1987 Classic Update Yellow No. 124 — Andre Dawson

One of the most impressive action shots I’ve ever seen on a baseball card.

You can pin it down: July 7, 1987. Eric Show was pitching to Dawson in the third inning after Dawson homered in the first. The same image was also on the cover of the July 20, 1987, issue of Sports Illustrated.

1987 Donruss No. 36 — Greg Maddux

Maddux was drafted 31st overall by Cubs in 1984, and his No. 31 was retired by both the Cubs and the Braves. (Bonus: Tom Glavine was drafted 47th overall in that same round, and his No. 47 was retired by the Braves.)

In the days before the internet, the Donruss designation of “Rated Rookie” was how we knew who to look out for. Though for every Maddux, there was a Johnny Abrego. Either way, here’s Maddux with a sweet mustache.

1992 Upper Deck No. 780 — Turk Wendell

The man who brushed his teeth between innings. His 1994 Collector’s Choice and Pinnacle cards showed him jumping over the third-base line. The back of his 1992 Gold Leaf Rookies card pictured him eating black licorice. His 1999 Fleer Tradition card gave us a glimpse of his necklace, which featured teeth and claws of various animals. The man of many superstitions. We will never forget him.

2005 Topps Retired Signatures — Ron Santo

Even though he retired some years before I was born, Ron Santo was always my favorite Cub. Two reasons: one, we share the same birthday, and two, he had his own pizza restaurant. There is no better combination in life than baseball and pizza.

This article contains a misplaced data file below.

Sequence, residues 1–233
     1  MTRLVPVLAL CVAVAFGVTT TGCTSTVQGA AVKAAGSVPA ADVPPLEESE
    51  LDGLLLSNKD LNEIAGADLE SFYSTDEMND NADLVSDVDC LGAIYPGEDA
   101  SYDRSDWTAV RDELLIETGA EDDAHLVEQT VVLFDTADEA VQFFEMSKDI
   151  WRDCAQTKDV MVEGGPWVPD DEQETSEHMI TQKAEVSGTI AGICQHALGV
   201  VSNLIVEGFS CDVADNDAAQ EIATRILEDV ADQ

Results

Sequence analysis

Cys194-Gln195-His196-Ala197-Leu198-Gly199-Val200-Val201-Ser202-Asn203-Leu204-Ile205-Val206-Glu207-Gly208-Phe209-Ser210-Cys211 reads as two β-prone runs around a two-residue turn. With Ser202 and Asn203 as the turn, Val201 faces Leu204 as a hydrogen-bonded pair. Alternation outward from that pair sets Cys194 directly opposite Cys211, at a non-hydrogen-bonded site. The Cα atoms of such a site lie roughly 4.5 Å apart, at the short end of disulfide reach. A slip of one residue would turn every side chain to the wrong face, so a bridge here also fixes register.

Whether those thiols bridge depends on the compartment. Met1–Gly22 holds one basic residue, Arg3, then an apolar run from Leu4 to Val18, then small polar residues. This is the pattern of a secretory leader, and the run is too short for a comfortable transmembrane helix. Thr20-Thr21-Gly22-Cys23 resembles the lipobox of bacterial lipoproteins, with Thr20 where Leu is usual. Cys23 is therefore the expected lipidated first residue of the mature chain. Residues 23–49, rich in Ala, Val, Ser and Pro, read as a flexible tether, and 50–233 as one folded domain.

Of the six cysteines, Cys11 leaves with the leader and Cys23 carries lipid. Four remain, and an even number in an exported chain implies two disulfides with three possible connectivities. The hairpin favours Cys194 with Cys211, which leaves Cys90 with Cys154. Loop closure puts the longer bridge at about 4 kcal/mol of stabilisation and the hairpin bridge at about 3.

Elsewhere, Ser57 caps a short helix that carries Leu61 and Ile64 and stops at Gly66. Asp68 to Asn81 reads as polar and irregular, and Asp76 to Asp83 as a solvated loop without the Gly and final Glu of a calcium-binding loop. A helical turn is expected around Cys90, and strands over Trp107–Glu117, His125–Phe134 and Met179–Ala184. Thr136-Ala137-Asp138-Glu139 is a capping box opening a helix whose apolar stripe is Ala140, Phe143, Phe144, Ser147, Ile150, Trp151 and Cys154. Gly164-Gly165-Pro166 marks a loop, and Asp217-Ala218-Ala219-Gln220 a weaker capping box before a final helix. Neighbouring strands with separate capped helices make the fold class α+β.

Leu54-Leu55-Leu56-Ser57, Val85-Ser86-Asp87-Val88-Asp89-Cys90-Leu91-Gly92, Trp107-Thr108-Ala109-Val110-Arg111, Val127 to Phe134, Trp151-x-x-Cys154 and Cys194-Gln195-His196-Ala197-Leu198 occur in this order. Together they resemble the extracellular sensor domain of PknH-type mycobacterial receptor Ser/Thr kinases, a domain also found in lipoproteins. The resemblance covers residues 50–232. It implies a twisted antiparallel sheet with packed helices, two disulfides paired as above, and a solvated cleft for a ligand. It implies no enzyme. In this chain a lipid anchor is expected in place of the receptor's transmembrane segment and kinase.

Podcast: Ranking the greatest Cubs of all-time

Podcast: Ranking the greatest Cubs of all-time

I distinctly remember the first time I went to see the Cubs play at Wrigley Field as a youngster.

My late father, Marshall, and my mother, Lila, took my brother, Bruce, and me to see the Cubs play the Atlanta Braves on a beautiful June day.

I can see the green grass and the ivy in all its glory and the Cubs going through their warmups before the game began. I was instantly captivated and hooked for life.

This was going to be my team.

Little did I know that at that moment, my life was about to be filled with a stunning amount of losing from my favorite team.

My brother was just as caught up in the emotion of that day. He picked the White Sox as his team and it began a lifelong rivalry, the memories of which he and I treasure to this day. Both of us have seen our team win a World Series when we both wondered if we would ever experience that glorious moment. Both of us have seen our share of amazing players and sensational moments.

On what would've been Ernie Banks' 87th birthday, here is my idea of The 10 Greatest Cubs of my lifetime:

10. Anthony Rizzo

9. Kris Bryant

8. Andre Dawson

7. Greg Maddux

6. Ron Santo

5. Sammy Sosa

4. Ryne Sandberg

3. Fergie Jenkins

2. Billy Williams

1. Ernie Banks

Who are the Top 5 Cubs of your lifetime? Where do guys like Anthony Rizzo and Kris Bryant fit in? And what will that list look 20 years from now, in 2038?

We debated on the latest CubsTalk Podcast

And here is everybody else's list of the Top 5 Cubs of their lifetime:

Kelly Crull

1. Ryne Sandberg
2. Andre Dawson
3. Greg Maddux
4. Bryzzo
5. Jake Arrieta

Tony Andracki

1. Sammy Sosa
2. Mark Grace
3. Derrek Lee 
4. Ryne Sandberg
5. Jake Arrieta

Jon Graff

1. Andre Dawson
2. Sammy Sosa
3. Greg Maddux
4. Ryne Sandberg
5. Bryzzo